Internet overseeing organisation ICANN has imposed what amounts to a $2 tax on all new domains.
The organisation has just announced the launch of two new top-level domains (like .com or .org) in the form of .travel and .jobs, but the registry agreement reveals that it has put a $2 per transaction charge on every domain the companies sell or renew - in effect an internet tax.
The news will be greeted with some dismay by other internet companies, already smarting over ICANN's earlier plans to introduce just a 25-cent charge. It is now quite clear that ICANN's intention is to fund its ever-increasing and expensive costs with a flat-rate fee on all internet interactions.
In its Strategic Plan (which, interestingly, it has just revised and released for "public comment"), ICANN annoyed registrars by saying it would stick a 25-cent transaction charge on domain changes and sales. It even annoyed the country code registrars (like .uk for the UK, or .de for Germany) despite offering a lower 20-cent rate.
Then, at the end of the year, it became clear that the renewal of the .net registry (which ICANN starts negotiations with VeriSign over this week) would see a higher 75-cent tax on each domain, possibly higher. Renegotiation of contracts is going to be an expensive business in future, it would seem.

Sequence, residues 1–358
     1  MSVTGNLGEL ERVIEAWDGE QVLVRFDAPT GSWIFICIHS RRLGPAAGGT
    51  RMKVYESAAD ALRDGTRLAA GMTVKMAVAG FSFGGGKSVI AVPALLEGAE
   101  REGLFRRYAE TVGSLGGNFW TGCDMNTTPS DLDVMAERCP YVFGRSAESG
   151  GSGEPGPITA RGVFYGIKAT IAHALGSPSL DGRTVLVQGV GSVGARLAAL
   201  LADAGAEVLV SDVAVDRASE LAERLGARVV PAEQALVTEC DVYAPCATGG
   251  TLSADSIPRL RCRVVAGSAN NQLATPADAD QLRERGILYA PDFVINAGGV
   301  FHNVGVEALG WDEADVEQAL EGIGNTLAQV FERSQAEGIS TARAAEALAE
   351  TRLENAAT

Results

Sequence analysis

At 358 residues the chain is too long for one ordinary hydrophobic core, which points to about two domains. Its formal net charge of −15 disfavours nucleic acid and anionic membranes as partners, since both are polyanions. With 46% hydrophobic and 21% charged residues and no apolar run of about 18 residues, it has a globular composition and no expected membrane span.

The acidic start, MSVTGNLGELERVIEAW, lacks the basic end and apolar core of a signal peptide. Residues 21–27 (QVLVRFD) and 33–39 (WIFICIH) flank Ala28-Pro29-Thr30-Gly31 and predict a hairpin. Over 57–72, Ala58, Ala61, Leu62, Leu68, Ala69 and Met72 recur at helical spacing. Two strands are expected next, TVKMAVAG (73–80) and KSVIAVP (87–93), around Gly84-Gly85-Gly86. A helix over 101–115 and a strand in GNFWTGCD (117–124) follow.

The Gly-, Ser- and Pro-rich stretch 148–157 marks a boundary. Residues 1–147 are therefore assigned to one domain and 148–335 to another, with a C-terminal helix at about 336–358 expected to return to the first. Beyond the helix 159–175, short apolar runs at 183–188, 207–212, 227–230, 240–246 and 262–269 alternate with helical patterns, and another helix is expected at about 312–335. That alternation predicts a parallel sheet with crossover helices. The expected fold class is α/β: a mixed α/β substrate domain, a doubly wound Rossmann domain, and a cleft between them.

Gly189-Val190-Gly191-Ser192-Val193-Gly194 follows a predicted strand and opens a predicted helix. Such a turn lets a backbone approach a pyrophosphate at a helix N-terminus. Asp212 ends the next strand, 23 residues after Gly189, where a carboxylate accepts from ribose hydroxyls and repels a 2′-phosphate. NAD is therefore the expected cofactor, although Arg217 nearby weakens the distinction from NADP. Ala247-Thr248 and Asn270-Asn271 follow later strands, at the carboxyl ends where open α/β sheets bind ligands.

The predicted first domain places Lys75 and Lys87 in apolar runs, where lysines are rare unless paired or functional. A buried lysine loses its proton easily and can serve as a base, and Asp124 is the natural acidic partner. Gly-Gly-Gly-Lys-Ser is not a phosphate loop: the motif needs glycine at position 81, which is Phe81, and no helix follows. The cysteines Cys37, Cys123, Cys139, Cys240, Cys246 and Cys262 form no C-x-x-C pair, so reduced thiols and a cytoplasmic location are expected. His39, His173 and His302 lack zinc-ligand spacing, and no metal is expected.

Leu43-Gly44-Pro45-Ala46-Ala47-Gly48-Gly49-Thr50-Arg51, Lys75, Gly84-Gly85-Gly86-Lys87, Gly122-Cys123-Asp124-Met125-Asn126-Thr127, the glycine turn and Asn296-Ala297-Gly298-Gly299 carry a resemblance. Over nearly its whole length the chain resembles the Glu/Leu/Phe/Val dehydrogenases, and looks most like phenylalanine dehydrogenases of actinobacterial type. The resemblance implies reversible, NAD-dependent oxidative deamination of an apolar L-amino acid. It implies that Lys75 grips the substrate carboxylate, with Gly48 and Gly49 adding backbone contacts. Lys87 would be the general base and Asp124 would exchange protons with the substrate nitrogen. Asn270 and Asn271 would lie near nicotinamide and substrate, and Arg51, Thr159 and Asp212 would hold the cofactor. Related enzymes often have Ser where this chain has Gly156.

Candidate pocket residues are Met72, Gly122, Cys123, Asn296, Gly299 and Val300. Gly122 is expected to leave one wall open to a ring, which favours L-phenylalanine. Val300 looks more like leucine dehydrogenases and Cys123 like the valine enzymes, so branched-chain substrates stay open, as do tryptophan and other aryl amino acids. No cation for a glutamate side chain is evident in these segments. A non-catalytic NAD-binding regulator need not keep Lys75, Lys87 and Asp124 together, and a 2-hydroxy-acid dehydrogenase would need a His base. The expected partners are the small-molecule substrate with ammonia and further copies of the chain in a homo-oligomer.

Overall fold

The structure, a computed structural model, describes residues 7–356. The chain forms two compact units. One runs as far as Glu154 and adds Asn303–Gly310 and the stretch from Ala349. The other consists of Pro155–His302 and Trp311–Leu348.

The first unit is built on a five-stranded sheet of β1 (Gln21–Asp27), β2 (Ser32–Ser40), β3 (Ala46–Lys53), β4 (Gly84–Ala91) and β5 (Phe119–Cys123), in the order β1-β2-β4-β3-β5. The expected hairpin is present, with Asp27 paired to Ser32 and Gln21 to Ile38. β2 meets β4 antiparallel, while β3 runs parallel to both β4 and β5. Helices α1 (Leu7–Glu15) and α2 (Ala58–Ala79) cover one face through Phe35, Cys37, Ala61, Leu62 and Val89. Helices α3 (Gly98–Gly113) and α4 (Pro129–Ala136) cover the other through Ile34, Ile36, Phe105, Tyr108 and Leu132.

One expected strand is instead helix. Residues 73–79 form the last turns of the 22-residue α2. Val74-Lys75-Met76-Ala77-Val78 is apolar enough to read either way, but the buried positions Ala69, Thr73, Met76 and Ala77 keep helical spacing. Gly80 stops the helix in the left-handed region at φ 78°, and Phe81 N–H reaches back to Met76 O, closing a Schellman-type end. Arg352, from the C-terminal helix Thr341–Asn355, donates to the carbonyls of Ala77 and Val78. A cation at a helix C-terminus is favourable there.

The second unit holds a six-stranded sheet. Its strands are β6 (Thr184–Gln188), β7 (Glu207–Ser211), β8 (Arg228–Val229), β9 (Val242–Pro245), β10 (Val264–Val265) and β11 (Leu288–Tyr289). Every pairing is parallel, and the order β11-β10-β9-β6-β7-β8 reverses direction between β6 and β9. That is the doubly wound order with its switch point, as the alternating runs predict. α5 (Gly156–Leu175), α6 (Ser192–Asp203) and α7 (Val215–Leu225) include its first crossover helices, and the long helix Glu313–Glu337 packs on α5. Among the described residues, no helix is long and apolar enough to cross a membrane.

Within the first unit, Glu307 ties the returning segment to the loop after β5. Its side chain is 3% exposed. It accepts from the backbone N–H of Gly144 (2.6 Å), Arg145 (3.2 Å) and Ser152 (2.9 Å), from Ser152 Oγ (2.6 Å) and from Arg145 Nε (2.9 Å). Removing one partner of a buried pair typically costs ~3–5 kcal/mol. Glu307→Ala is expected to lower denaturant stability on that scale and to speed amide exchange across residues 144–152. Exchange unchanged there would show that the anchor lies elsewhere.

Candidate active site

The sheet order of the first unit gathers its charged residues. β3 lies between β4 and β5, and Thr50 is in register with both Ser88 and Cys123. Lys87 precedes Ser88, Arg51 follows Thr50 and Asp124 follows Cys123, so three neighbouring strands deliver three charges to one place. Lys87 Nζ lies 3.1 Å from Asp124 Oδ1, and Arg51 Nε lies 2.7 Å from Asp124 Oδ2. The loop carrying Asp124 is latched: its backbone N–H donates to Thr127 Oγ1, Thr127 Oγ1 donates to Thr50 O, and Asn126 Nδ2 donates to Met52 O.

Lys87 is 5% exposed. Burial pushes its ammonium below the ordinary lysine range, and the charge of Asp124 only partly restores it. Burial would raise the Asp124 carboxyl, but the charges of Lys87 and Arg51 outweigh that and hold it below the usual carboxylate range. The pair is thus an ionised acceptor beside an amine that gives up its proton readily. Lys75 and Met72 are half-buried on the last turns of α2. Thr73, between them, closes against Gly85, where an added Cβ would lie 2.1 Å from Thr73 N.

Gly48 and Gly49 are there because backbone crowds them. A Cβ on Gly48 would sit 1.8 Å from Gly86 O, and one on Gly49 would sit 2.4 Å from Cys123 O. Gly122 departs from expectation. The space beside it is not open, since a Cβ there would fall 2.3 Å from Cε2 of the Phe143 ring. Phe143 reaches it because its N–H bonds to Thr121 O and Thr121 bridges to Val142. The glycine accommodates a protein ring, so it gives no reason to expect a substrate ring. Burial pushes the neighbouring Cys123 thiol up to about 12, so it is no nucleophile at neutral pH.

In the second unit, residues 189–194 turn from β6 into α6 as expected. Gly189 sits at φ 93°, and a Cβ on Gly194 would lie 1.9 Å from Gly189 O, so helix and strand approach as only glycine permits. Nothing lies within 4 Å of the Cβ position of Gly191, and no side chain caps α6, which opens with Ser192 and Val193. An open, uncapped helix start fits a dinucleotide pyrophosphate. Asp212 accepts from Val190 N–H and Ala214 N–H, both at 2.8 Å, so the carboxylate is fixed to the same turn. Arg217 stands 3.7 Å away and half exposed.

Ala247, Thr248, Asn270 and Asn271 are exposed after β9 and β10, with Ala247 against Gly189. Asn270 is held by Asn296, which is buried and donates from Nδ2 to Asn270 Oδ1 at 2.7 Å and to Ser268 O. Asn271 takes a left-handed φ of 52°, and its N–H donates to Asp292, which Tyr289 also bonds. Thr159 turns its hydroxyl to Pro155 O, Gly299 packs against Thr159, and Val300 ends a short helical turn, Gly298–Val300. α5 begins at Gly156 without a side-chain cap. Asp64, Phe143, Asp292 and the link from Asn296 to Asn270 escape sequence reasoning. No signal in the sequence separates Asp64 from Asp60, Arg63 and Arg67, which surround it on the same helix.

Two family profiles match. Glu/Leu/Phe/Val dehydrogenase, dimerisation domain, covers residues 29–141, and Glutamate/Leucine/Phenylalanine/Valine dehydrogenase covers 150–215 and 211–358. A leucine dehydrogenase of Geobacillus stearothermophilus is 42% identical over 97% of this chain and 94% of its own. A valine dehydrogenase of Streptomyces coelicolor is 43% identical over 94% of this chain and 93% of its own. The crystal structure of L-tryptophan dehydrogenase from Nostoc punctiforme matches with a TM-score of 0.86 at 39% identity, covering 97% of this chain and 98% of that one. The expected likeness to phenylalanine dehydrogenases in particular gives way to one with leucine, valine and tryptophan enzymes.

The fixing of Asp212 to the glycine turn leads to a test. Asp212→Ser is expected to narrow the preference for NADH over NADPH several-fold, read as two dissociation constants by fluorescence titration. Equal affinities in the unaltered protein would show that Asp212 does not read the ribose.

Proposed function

The jump to $2 will worry many though and may explain the lengthy and ongoing discussions that ICANN is holding with other sponsored top-level domains. According to the agreement reached between ICANN and .jobs and .travel, they will pay a "registry level transaction fee" of $2 on every domain sale or change, and they will pay it as a lump sum, quarterly (see page 17 of the agreement [pdf]).
The companies behind .travel and .jobs look as if they have finally caved in and agreed to the charge, putting the others under pressure to do the same.
Currently, ICANN is in formal negotiations with another six new domains. The .asia domain has been discussed in ICANN Board meetings twice this year, once on 24 January and again on 18 February. But we can't tell what the upshot of those meetings has been since ICANN has still failed to make the minutes available, breaking its own bylaws.
The .cat domain has likewise been discussed at the self-same Board meetings. Negotiations opened with the controversial .mobi domain in December last year, but it would seem the powerful companies behind that bid aren't yet ready to agree terms with ICANN.
That leaves .post, with whom negotiations have been going on since October last year; and .xxx, which was discussed in the January Board meeting but not the subsequent one.
It would seem that the bid for .tel by Pulver has been passed over in favour of the bigger Telnic bid for .tel. The ICANN Board discussed that one last week, but, again, the organisation has not released the minutes.
And as for .mail - we've heard nothing at all.